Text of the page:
AED (antiepileptic drug)
A seizure-preventing drug. AEDs are carried to the brain through the bloodstream.
Preventing or arresting convulsions; agent that prevents convulsions
Preventing seizures; there is no agent that prevents epilepsy.
Defect in or loss of the ability to express oneself using speech, writing, or signs, or to comprehend spoken or written language as a result of injury to or disease of the brain’s speech centers.
An inability to coordinate muscle movement
A sensation recognized by a patient that precedes or signals the beginning of a seizure. May include uneasiness, déjà vu, sensory illusions (odors, visual illusions or misconceptions, sounds), stomach discomfort, and dizziness.
Involuntary, undirected movements during complex partial seizures and atypical absence seizures.
Involves repeated seizures that follow immediately upon one another or which happen within hours of each other following periods without seizure activity.
An involuntary muscle contractions common in generalized tonic-clonic seizures.
Of unknown origin
A chronic neurological disorder characterized by recurrent seizures; estimated to affect nearly 2.9 million children and adults in the United States. Like all individuals with disabilities, people with epilepsy dislike labels, such as in “He’s an epileptic.” This dislike can be summed up by the statement, “epilepsy is what I have, not what I am.” The preferred terminology is person with epilepsy or child with epilepsy, rather than epileptic. Use of epileptic as an adjective, as in “epileptic seizures” is appropriate.
A physician (neurologist) expert in the diagnosis and treatment of epilepsy..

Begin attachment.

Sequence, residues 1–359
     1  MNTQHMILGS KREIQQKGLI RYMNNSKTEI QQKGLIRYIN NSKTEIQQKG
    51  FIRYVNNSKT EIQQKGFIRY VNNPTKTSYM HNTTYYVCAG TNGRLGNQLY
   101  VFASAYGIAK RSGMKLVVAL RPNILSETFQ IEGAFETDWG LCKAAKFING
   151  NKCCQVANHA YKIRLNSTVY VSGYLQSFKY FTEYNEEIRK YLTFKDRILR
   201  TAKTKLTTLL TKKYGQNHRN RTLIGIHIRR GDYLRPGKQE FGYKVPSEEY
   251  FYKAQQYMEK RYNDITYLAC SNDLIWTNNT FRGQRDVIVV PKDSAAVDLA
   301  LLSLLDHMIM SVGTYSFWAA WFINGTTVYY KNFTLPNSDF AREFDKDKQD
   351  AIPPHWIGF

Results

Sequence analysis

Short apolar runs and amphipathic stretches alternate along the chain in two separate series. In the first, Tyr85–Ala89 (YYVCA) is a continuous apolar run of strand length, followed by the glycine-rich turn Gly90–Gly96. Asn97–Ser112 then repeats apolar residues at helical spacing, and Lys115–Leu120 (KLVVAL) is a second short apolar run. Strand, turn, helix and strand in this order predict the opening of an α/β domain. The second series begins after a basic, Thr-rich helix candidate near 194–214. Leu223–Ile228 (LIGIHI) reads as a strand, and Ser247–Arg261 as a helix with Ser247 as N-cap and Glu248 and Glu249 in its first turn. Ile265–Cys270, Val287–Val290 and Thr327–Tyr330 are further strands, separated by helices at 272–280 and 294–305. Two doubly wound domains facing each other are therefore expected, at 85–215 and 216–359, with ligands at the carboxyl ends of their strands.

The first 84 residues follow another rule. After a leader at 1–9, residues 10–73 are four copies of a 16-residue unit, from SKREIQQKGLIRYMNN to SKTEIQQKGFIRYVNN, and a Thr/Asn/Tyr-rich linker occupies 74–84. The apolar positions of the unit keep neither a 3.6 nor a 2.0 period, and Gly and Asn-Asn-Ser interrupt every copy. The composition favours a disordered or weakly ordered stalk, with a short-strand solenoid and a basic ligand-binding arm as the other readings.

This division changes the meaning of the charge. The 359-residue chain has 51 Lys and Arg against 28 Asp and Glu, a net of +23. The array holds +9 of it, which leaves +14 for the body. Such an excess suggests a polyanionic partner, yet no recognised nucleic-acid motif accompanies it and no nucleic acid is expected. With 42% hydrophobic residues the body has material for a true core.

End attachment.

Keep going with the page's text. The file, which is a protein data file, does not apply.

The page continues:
Pertaining to, characterized by, or caused by an epileptic seizure.
A seizure; a stroke.
Of unknown origin or cause.
The period of time between one seizure and another.
Stringent, high fat, low carbohydrate diet that controls seizures in some children.
Death rate; often given as ratio of deaths per 100,000.
Epilepsy in which the seizures come from a number of locations in the brain.
A specialist in the diagnosis and treatment of nervous system diseases and disorders such as epilepsy.
A reflex epilepsy in which seizures are triggered by flashing lights or patterns (e.g., strobe lights, video games, or flipping and rolling of a television screen).
Polytherapy (syn.: polypharmacy)
The use of two or more antiepileptic medications for control of seizures.
Temporary incoherence, inability to respond to contact or unfamiliarity with environment which commonly follows tonic-clonic, complex partial and atonic seizures.
Indicating the onset of a disease. In epilepsy, indicating the onset of a seizure.
A sudden disruptive change in a person’s behavior which resembles epileptic seizures but has no electrophysiological changes in the brain. PNES may be related to physical illness, psychiatric disorder or emotional attacks.
Rare epilepsy which occurs in response to specific sensory stimulus, including flickering light or patterns, sounds, tastes, smells, movements or sensations of touch.
Difficult to treat, unresponsive or of limited response to medication.
An abnormal electrical discharge in the brain. Seizures can be related to injury, high fever, substance abuse, metabolic disorders, and other health conditions such as diabetes, and are not always a sign of epilepsy.
The point at which a person can no longer tolerate a seizure-provoking stimulus (e.g., babies have a lower seizure threshold for high body temperature than do adults. High fever can trigger febrile